1985 Turkish Embassy: Armenian terrorists stormed the Turkish embassy, killing one Canadian guard.  The Turkish ambassador was seriously wounded when he tried to escape from an upstairs window.

1982 Turkish diplomat assassinated: Colonel Atilla Altikat was shot and killed in Ottawa while his car idled at a stoplight on the Western Parkway.

1982 Turkish Embassy: Armenian gunmen opened fire on Turkish commercial attaché Kani Gungor as he entered the garage of his apartment complex.  The victim was left paralyzed.

1977 Indian High Commission: The Indian High Commission (Embassy) in Ottawa was lightly damaged by a Molotov cocktail, by the Ananda Marga Yoga Society seeking the release of one of its leaders in India.

1972 Israeli diplomats: Six letter bombs sent to Israeli officials in Ottawa were intercepted and dismantled.

Canada cut off relations with Iran in September 2012, when Mr. Baird designated Iran a state sponsor of terrorism, closed its embassy in Ottawa and expelled its diplomats.   The measures were meant to pressure Iran over its poor human rights abuses, rogue nuclear program, support for terrorism, and backing of Syria President Bashar Al Assad.

Three months later, Canada outlawed the clandestine Quds Force of Iran’s Islamic Revolutionary Guard Corps.

Canada has pushed for tighter sanctions against the Islamic republic.   Recently, the Ontario courts handed millions of dollars worth of Iranian government assets in Canada to victims of the Iran-sponsored terrorist groups Hamas and Hezbollah.

Tehran’s anti-Canada rhetoric continues and is well-documented.   Through its propaganda channels, the Iranian regime threatened Canada with “swift retaliation” and labeled the government of Prime Minister Stephen Harper “racist,” “radical,” “extremist,” etc.

In the meantime, we call on the international community to follow Canada’s principled example and unequivocally condemn Hamas’ recent kidnapping of innocent Israeli teenagers.   Hamas has had a long history of terrorist attacks targeting Israeli civilians.   This organization, which bases itself on its extreme Islamic ideology, takes great pride in celebrating its countless suicide bombings, rocket attacks and other acts of callous terror.   These attacks, which have resulted in the slaughter of thousands of victims are morally deplorable.

Today’s religious terrorists have no redeeming ideological belief system that is sane or understandable.


Statement by the Prime Minister of Canada on the National Day of Remembrance for Victims of Terrorism

June 23, 2014 

Prime Minister Stephen Harper today issued the following statement to mark the National Day of Remembrance for Victims of Terrorism:

“On this day, we pause to remember those who have lost their lives due to acts of terrorism, both here in Canada and around the world.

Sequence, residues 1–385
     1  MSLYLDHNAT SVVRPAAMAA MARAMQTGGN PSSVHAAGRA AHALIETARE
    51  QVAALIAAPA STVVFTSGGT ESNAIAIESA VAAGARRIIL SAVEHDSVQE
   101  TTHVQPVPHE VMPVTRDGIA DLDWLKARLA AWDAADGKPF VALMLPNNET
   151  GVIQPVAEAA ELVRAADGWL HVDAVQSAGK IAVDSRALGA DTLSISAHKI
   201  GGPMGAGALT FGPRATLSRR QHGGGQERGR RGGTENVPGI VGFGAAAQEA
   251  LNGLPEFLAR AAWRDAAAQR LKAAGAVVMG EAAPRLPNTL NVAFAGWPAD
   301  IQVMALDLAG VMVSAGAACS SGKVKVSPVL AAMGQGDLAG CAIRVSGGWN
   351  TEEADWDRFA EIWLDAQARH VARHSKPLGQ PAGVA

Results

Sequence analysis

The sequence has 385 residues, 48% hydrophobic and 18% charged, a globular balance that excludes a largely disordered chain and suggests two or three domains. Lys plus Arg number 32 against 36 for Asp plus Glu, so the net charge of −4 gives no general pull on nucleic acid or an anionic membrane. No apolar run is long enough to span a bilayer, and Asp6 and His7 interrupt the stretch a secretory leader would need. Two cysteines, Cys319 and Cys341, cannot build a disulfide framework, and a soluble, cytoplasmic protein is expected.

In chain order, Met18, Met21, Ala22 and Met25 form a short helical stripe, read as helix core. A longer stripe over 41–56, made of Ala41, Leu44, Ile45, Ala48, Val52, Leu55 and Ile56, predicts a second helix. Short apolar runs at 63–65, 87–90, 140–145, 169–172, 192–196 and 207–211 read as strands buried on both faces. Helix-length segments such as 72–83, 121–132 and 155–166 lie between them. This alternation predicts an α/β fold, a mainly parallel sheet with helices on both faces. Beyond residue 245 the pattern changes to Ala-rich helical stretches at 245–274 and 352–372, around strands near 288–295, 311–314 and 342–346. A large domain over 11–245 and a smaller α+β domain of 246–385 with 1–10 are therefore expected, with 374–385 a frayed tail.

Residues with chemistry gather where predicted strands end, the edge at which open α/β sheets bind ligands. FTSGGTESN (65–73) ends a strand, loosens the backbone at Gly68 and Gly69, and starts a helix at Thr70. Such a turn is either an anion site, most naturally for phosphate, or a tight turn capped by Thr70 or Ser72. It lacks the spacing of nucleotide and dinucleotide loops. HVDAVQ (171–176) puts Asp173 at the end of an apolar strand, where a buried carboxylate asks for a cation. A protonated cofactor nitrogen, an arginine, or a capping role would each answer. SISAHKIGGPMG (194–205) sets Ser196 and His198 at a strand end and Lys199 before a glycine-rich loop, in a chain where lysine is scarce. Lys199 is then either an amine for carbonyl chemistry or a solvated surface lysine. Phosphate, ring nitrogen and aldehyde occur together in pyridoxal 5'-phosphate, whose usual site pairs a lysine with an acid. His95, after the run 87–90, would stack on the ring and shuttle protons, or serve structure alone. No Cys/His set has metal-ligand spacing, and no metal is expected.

“On June 23, 1985, Canadians experienced the worst terrorist attack in our history when a bomb on Air India Flight 182 killed all 329 passengers and crew members aboard, most of them Canadian.

“On this somber anniversary, we stand in solidarity with all families who have been affected by terrorist acts and honour the memory of those targeted by these hateful crimes.

“Our Government has taken action to fight terrorism in all of its forms, from our actions in Afghanistan to efforts here at home. Recent domestic initiatives include the adoption of Canada’s Counter-terrorism Strategy, the listing of several new terrorist entities under the Criminal Code, the 2013 Royal Assent of the Nuclear Terrorism Act and the Combating Terrorism Act, and the 2011 Kanishka Project – a five-year national initiative to improve our ability to counter terrorism and keep Canadians safe – all of which will help law enforcement and intelligence agencies to disrupt plans and preparations for terrorist attacks and investigate past acts of terrorism. Of particular importance is the passing of the Justice for Victims of Terrorism Act in 2012, which allows victims of terrorism to sue perpetrators and supporters of terrorism.

“Global terrorist activity in recent weeks has reminded us of the threat posed by terrorism and the pain and suffering it brings to victims. The numerous memorials and days of remembrance around the world bring us together to honour innocent lives that have been lost to terrorism, as well as provide us with the opportunity to reflect on the need for continued vigilance against the perpetrators of these heinous acts.

Canada will not allow terrorism to undermine our way of life or that of others around the world. Canadians reject the use of terrorist violence, no matter where it takes place. Our defense of freedom, democracy, human rights and the rule of law will keep us strong. Our continued vigilance will keep us safe.”